Self-portrait with Two Circles, Rembrandt
We don’t have access on the web to an image at the level of high resolution available for the Rembrandt self-portrait at the age of 53 that I wrote about a few days ago, but we can see enough to appreciate more of the master’s superb painting skills.
Rembrandt was adept at all aspects of painting: glazing, wet-into-wet, scumbling and even scratching out with the butt of a brush, as he has done here in the cloth just below the neck, and perhaps above the eye to our left (though I’m not sure those are entirely intentional marks).
The scumbled brush strokes that make up his cap and the texture of his hair are remarkable for their economy and textural qualities.
Everything here seems almost casual, flowing from the master’s hand as only years of experience can permit. The hand holding the brushes is just a gestural smudge. Whether Rembrandt intended to bring the painting to a more finished state is unknown, but for all its brusque economy, it works beautifully as a complete work.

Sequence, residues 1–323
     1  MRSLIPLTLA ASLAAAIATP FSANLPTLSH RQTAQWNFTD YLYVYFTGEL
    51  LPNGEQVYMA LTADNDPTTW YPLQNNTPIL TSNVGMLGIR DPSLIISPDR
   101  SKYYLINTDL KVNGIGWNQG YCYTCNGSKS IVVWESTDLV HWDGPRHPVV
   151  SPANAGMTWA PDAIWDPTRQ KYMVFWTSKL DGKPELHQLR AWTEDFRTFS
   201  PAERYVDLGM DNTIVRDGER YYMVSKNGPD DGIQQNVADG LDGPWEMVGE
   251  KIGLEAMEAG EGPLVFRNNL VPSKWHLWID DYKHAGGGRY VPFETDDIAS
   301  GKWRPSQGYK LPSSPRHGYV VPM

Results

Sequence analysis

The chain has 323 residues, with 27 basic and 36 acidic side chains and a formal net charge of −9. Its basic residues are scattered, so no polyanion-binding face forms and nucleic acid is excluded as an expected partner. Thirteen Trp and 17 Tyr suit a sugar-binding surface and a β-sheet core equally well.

The two circles suggested against the plane of the background are something of a mystery; various speculations have been put forward, but Rembrandt’s actual intentions are unknown. Whether or not the circles have a purpose beyond compositional elements, they function brilliantly in that respect.
We don’t have a date for this painting as closely pinpointed as some of his other portraits. The date is assumed to be between 1665 and 1669, putting Rembrandt’s age at between 59 and 63. It’s notable as one of the self-portraits in which he has portrayed himself working, rather than in costume.
Rembrandt’s gaze here is more confident than in the portrait of 1659, resigned, perhaps, to his misfortunes, but continuing to exert his mastery of painting.
Both this and the self-portrait from 1659 on display as part of the exhibition Rembrandt: The Late Works, at the National Gallery, London until 18 January 2015.
This image can be downloaded from the Rijksmuseum page devoted to the same exhibition, which will move there in February of 2015. (There is also a large image accompanying an article on the painting on Wikipedia, but it’s oversaturated and poorly focused.)
The original is in the collection of Kenwood House, London (which does not have a website as far as I know).
Art writer Jonathan Jones of The Guardian has called this the greatest painting in Britain.